USE OF MGO AS THE ENGINEERED BARRIER IN THE WIPP
MgO will decrease actinide solubilities by consuming essentially all aqueous or gaseous CO2 produced by microbial consumption of cellulosic, plastic, and rubber (CPR) materials (even if microbes consume all CPR materials in the repository), thereby buffering fCO2 and pH within ranges favorable from the standpoint of actinide solubilities. The DOE is emplacing significantly more MgO than required to consume all CO2. MgO could also consume significant quantities of H2O from brine or the gaseous phase.
MgO is being emplaced in polypropylene supersacks on top of the stacks of waste containers. Each supersack contains 1905 ± 23 kg of MgO. Emplacement in supersacks: (1) facilitates handling and emplacement of MgO; (2) minimizes potential worker exposure to dust; (3) minimizes the exposure of periclase, the main reactive constituent of MgO, to atmospheric CO2 and H2O during handling and emplacement, and prior to panel closure.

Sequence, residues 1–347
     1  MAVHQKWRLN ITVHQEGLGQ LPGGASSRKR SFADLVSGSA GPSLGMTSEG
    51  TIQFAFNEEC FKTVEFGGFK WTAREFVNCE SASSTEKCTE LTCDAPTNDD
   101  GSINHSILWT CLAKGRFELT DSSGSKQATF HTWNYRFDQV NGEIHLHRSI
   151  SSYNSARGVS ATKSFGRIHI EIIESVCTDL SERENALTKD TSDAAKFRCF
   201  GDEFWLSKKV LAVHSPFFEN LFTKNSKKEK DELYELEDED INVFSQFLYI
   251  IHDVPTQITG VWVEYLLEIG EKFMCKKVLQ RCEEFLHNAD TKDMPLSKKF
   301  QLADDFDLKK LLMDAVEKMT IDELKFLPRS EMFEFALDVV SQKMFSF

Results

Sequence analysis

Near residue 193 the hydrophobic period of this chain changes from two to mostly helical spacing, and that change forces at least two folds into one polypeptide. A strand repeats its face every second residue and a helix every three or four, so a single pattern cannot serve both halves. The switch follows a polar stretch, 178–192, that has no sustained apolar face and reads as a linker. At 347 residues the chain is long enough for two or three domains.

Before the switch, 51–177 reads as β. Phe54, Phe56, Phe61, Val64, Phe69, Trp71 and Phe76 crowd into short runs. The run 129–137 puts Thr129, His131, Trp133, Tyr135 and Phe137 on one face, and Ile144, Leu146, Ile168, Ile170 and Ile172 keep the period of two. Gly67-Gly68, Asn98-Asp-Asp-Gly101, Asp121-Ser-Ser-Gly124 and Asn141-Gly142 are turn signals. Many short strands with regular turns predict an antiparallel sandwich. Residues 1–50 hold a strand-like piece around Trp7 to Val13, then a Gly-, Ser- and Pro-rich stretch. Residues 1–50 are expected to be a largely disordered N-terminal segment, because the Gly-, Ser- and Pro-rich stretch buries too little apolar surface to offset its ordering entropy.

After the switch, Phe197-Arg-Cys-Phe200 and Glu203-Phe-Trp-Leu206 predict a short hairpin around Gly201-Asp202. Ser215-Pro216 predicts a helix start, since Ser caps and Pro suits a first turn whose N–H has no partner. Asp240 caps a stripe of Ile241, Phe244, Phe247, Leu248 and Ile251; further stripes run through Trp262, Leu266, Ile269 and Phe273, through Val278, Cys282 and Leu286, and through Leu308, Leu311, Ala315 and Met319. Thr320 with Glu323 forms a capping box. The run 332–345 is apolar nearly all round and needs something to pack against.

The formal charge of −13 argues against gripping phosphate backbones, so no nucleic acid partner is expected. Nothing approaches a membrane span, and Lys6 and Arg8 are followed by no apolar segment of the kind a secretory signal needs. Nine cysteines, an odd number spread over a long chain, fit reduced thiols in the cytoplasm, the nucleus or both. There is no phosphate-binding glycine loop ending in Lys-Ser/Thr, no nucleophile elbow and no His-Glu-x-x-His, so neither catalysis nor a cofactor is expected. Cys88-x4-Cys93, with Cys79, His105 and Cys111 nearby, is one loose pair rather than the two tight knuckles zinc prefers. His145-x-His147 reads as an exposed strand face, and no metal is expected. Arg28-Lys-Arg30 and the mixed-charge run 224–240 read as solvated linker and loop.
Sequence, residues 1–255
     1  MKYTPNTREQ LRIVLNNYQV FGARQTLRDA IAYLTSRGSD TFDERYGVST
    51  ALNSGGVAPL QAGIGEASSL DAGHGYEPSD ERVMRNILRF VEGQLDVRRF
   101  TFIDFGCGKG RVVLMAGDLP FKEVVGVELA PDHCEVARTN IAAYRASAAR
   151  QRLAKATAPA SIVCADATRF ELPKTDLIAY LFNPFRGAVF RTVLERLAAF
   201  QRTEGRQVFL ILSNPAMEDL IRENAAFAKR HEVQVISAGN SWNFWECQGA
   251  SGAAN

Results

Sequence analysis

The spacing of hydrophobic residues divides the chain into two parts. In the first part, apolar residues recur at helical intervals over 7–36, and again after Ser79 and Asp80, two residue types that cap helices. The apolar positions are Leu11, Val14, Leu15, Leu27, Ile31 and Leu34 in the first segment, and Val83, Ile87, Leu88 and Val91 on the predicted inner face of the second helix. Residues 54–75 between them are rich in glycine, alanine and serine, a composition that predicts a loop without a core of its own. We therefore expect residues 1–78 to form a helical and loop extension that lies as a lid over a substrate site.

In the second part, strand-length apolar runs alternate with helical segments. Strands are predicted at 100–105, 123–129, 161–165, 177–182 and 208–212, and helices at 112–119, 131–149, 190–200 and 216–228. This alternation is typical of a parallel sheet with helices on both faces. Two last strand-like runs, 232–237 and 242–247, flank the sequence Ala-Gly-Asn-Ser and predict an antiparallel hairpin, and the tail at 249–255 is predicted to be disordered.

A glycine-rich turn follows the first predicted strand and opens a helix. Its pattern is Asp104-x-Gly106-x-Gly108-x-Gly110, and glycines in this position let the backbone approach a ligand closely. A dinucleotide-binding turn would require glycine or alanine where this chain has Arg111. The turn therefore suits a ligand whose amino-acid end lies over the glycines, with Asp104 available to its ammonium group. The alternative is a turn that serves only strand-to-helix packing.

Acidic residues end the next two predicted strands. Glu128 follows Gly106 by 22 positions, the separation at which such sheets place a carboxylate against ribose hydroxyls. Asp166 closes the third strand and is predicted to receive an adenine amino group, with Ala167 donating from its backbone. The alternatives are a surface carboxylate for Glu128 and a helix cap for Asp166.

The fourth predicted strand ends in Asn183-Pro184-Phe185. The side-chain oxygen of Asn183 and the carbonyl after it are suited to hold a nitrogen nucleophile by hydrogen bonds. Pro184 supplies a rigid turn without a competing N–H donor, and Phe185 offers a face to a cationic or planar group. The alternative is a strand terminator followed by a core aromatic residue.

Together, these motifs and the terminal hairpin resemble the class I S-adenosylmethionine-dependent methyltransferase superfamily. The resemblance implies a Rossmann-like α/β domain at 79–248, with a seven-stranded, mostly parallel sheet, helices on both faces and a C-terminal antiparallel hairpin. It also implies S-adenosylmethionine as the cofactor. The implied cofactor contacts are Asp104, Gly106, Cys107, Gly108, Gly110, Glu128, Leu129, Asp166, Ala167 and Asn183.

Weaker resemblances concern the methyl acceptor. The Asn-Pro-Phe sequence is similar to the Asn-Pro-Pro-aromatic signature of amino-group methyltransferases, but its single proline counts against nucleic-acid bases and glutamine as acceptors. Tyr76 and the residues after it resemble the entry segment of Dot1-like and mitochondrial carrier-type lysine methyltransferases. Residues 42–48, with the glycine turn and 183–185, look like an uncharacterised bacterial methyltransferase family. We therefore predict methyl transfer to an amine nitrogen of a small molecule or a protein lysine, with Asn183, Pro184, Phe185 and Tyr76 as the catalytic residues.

The supersacks contain dry, granular MgO, of which less than 0.5 % can exceed 9.5 mm in diameter. Emplacement of granular MgO instead of powder (1) results in a bulk density high enough that sufficient MgO can be emplaced without causing operational difficulties, (2) reduces the likelihood of release of dust in the event of premature rupture of a supersack, and (3) ensures that the permeability of the material is high enough to promote complete reaction with CO2.
Creep closure of WIPP disposal rooms will rupture the supersacks and disperse the MgO among and within ruptured waste containers. This will expose the MgO to the room atmosphere, to CO2, and to brine and water vapor.
Acknowledgement: this research is funded by WIPP programs administered by the U.S. Department of Energy.
Sandia is a multiprogram laboratory operated by Sandia Corporation, a Lockheed Martin Company, for the United States Department of Energys National Nuclear Security Administration under contract DE-AC04-94AL85000.